A sign by the entrance to the Sandcastle restaurant. If you look close it says “Church of Scientology Religious Retreat”

Feigning ignorance, I walked toward the restaurant (with my huge camera around my neck).  The two security guards looked very skeptical, but I’m pretty good at acting like a tourist when I want to.  I walked straight up to them and asked them if what I was seeing was a restaurant:

Sandcastle's restaurant and the security guards
Sandcastle’s restaurant and the security guards

They said it was in what sounded like a native Spanish speaker’s accent.  I then asked them if I could eat there.  They hemmed a bit, then said that I couldn’t unless I was a member.  I acted really naive here and said, “Oh, a member of what?”  They said I had to be a member of the Sandcastle resort.  I then acted like I was just seeing the sign and said, “Oh, is that affiliated with Scientology?”  They nodded.  I followed up with, “So, if I was a Scientologist I could eat here?”  Yep.  I told them that Debi was hungry and then asked if there were any other places we could eat nearby.  They were very friendly and offered some suggestions.  I thanked them then walked back across the street to the park.  I waited for them to turn their backs before I snapped a photo of them in front of the restaurant.

Once Toren finished up his snack, we packed everything into the stroller and headed up Drew st. toward Fort Harrison Ave. where there were some restaurants.  I snapped these along the way:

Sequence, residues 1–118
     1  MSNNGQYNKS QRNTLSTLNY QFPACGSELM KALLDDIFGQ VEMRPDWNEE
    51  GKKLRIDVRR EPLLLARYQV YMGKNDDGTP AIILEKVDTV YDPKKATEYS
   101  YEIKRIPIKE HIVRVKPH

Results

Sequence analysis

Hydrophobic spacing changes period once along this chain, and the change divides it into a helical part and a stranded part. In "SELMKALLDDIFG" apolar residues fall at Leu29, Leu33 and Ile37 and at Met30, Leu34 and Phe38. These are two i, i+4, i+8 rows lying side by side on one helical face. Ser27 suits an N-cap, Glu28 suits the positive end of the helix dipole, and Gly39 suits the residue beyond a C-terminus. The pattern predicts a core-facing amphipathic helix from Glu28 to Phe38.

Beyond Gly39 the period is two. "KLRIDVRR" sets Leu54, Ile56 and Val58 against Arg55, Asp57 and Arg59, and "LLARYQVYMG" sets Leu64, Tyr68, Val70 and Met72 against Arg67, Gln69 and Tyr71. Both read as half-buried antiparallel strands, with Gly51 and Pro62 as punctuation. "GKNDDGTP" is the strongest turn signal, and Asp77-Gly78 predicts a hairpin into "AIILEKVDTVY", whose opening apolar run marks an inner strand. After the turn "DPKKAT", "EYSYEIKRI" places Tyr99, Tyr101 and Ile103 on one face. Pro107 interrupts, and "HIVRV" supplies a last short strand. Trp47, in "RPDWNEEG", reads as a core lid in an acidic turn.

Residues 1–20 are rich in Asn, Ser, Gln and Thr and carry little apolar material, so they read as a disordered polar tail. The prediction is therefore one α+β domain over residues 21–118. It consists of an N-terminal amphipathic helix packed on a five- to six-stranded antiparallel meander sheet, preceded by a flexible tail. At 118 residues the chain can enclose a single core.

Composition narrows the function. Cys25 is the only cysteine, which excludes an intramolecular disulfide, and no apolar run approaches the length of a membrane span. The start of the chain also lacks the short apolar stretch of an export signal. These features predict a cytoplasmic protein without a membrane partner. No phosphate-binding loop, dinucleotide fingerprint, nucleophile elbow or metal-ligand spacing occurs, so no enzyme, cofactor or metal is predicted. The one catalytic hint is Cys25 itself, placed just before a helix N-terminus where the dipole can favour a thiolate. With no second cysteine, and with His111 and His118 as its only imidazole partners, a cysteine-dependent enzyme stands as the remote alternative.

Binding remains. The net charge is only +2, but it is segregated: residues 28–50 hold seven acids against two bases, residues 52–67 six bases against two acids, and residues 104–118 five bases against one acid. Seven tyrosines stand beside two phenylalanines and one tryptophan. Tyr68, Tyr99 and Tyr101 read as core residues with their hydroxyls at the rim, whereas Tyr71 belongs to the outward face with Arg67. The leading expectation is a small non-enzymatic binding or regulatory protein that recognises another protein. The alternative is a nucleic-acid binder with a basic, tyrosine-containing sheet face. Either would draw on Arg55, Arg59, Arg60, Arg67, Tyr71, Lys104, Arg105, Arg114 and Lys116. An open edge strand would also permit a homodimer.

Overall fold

The Sandcastle Resort
The Sandcastle Resort

This is at the intersection of Drew St. and N. Osceola Ave.:

The front entrance sign to the Sandcastle Resort
The front entrance sign to the Sandcastle Resort

Directly east of the Sandcastle Resort is the Osceola Inn, which is also billed as a “religious retreat” and is owned by Scientology:

Osceola Inn sign
Osceola Inn sign

This was also taken at the corner of Drew St. and N Osceola Ave.:

Osceola Inn wide shot
Osceola Inn wide shot

From here we headed up Drew St. to Fort Harrison Ave. then turned South where we immediately encountered the West Coast Building, which is also owned by Scientology.  There were uniformed Scientologists coming and going from the building while I snapped a few pictures.  This first one is looking at the front of the building.  It’s actually quite large and surrounded by parking lots on both sides (which I believe are owned by the Church of Scientology).  What I liked about this is it shows two cameras.  The first is just above the green bushes and is pointing down the street.  The second is just above it and is a controllable camera:

profile of the West Coast Building capturing the cameras
profile of the West Coast Building capturing the cameras

They seem a little obsessed with security.  We crossed the street and stopped at an Italian pizza place for dinner (owned by a Scientologist, but the employees were not; I asked).  Then I snapped this shot of the front of the West Coast Building:

Scientology 6-21-2009 5-33-34 PM
The front of the West Coast Building

The building really does look unassuming from this angle, but it goes back quite far from the street.  Also, you can’t see it from this far away, but on the front doors are two white crosses, which are symbols of Scientology.